10

I know we can use auto-completion (tab key) and abbreviated commands (such as sh ip int bri) to speed up typing.

However, I'm still not satisfied with typing crypting chains such as sh ip dh sn bi | i 20.12 for show ip dhcp snooping binding | include 20.12.

Can I define shortcuts for often used command sequences, and how?

  • If you know what you're typing, you'll be thinking show ip dhcp snooping... when typing sh ip dh sn... If you're sending that to someone else in an e-mail, at least make the abbreviations obvious (e.g. snoop vs sn). I prefer to not abbreviate in this case. IMHO, aliases are great when engineers are deploying configs for non-cisco savvy techs that still need to see some useful output. Aliases for cisco-savvy people just make them lazy. (Again, totally just my opinion...) – Tarah May 26 '13 at 0:59
  • 1
    Learn to type faster is one option. ;-) – generalnetworkerror May 26 '13 at 3:19
  • 1
    @generalnetworkerror I frequently have to use saturated low-bandwidth satellite connections with 800 ms latency. Less keystrokes would be an option, typing faster not really (though I'm fast). – Stefan May 26 '13 at 8:28
  • Are you using the Nagle algorithm over that high-latency link? "Router(config)# service nagle" – generalnetworkerror May 26 '13 at 8:55
  • @generalnetworkerror Very good point! I don't use nagle, but everywhere a WAAS for TCP optimization and compression. – Stefan May 26 '13 at 13:30
17

We can use the alias command in global conf mode:

alias <mode> <command-alias> <original-command>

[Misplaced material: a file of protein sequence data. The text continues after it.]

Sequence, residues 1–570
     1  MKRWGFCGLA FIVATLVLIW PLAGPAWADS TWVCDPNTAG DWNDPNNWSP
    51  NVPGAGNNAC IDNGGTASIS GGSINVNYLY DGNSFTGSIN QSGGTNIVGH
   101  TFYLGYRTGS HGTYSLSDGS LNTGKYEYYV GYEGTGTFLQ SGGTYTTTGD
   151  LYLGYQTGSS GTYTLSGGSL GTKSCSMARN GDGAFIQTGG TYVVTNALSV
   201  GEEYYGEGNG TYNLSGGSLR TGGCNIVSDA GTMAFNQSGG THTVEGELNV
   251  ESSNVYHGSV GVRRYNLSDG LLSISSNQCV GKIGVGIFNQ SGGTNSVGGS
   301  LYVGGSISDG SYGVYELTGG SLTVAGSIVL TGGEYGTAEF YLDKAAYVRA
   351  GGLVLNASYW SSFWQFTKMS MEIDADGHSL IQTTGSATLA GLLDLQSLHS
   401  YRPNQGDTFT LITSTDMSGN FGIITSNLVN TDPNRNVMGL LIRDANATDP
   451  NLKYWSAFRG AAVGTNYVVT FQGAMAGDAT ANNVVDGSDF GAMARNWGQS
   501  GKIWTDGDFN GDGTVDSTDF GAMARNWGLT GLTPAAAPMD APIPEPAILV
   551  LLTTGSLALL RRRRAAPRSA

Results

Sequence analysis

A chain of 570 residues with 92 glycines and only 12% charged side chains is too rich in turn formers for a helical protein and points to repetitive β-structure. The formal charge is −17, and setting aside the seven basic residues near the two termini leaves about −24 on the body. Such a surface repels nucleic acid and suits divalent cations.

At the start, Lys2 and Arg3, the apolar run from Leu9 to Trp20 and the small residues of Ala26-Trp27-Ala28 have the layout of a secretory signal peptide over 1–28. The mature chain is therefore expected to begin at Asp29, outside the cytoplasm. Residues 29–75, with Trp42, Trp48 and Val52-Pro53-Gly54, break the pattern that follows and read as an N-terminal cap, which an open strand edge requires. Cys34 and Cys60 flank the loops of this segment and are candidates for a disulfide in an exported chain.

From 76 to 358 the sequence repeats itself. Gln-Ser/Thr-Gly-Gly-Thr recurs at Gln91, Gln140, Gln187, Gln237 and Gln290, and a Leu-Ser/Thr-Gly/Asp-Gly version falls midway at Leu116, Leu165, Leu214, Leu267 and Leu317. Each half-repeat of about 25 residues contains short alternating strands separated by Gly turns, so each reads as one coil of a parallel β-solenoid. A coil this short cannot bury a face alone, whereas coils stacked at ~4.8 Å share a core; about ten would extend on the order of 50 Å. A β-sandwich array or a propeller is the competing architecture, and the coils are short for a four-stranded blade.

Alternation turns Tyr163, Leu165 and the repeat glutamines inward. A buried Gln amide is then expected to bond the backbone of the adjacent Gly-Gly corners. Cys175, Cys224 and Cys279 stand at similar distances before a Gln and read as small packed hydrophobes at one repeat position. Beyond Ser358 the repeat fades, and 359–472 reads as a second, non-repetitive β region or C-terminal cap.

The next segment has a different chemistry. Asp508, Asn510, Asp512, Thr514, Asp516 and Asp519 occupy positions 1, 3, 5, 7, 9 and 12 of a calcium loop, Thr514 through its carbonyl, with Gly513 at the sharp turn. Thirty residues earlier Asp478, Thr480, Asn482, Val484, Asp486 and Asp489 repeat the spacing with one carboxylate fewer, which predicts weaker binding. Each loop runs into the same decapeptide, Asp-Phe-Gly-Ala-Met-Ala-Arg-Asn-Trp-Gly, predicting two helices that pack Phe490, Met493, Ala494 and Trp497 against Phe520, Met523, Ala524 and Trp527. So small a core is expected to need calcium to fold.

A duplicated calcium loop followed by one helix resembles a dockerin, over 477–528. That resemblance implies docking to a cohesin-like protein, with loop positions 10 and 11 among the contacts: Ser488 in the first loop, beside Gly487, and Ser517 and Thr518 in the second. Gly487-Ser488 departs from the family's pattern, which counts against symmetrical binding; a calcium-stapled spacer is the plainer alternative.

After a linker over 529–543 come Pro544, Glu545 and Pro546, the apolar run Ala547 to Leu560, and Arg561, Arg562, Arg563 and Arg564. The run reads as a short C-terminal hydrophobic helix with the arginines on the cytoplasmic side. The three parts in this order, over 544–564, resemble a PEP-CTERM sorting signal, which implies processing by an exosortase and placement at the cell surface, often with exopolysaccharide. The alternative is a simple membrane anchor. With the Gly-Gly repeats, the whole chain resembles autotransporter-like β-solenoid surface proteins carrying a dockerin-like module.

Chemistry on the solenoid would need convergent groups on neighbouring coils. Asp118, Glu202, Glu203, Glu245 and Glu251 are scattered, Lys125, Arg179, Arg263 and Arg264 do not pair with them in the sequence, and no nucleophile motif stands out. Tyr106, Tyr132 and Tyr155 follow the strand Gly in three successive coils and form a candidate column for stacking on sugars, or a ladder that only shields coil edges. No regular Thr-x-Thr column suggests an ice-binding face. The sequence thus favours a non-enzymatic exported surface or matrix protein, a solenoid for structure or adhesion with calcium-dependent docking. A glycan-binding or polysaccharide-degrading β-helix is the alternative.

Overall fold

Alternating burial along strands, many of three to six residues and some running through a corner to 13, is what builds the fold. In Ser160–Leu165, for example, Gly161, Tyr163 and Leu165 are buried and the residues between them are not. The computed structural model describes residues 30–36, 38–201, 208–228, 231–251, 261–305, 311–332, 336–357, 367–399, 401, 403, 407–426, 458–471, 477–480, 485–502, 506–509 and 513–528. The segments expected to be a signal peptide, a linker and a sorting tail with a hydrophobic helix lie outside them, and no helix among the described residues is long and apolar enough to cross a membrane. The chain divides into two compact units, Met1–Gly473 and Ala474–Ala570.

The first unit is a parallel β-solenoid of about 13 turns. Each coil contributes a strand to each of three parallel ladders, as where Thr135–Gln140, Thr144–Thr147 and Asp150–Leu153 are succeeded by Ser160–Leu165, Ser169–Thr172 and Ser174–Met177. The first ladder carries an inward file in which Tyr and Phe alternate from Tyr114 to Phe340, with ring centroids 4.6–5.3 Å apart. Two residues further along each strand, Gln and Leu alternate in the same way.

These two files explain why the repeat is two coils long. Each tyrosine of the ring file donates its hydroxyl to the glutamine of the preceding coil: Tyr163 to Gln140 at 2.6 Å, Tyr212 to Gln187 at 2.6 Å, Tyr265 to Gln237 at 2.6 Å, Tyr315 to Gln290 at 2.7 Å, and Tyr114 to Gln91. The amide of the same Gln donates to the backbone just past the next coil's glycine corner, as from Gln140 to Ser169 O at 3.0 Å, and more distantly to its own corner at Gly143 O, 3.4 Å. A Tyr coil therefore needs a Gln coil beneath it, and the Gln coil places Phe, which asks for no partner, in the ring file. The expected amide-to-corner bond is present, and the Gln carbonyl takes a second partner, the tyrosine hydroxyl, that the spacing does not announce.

<mode> is one of the many IOS command modes. If you need it in different modes, you have to call it for each one - type alias ? to get a long list of modes.

An example for checking for a dhcp snooped IP, type in global conf mode

alias exec snoop show ip dhcp snooping binding | include

Now you can simply type snoop 172.16.20.12 to check for this IP or snoop 801 for checking all IPs in VLAN 801, for example. Do similarly for show mac-address-table | include and you're faster in searching and troubleshooting.

Further tipps:

  • document your aliases for you and for your collegues
  • sh aliases shows your aliases plus the predefined ones
  • while no alias <mode> <command> can be guessed for removing an alias, no alias <mode> deletes the aliases for a complete mode - so you can clear several at once, default alias <mode> works similarly, as expected
  • if you decide to use aliases, deploy them once everywhere you may need them
  • tools like Cisco Prime can help in deploying
  • don't forget the original commands ;-)
| improve this answer | |
  • Lol did you answer your own question in the same minute you posted it? :) Archiving knowledge? – Bulki Oct 10 '13 at 9:00
  • @Bulki Sharing knowledge, building meaningful site content during the beta phase, looking for alternative solutions. What does your "Lol" mean then? – Stefan Oct 10 '13 at 9:38
  • Well, I it's funny when you see that, but I do think it's important to do this indeed to have a good knowledge database for others as well :) I was suprised I even noticed it :) good posts btw! – Bulki Oct 10 '13 at 13:57
6

For complicated tasks, I suggest looking at TCL. You can use TCL to create scripts that can be stored and run on your IOS/Nexus devices providing an amazing amount of flexibility in collecting and displaying data.

While it isn't necessarily faster for simple tasks, you can collect and correlate information from multiple commands and reformat it as you like. It can also pull information from SNMP.

If you haven't looked into it, you can find one such document here.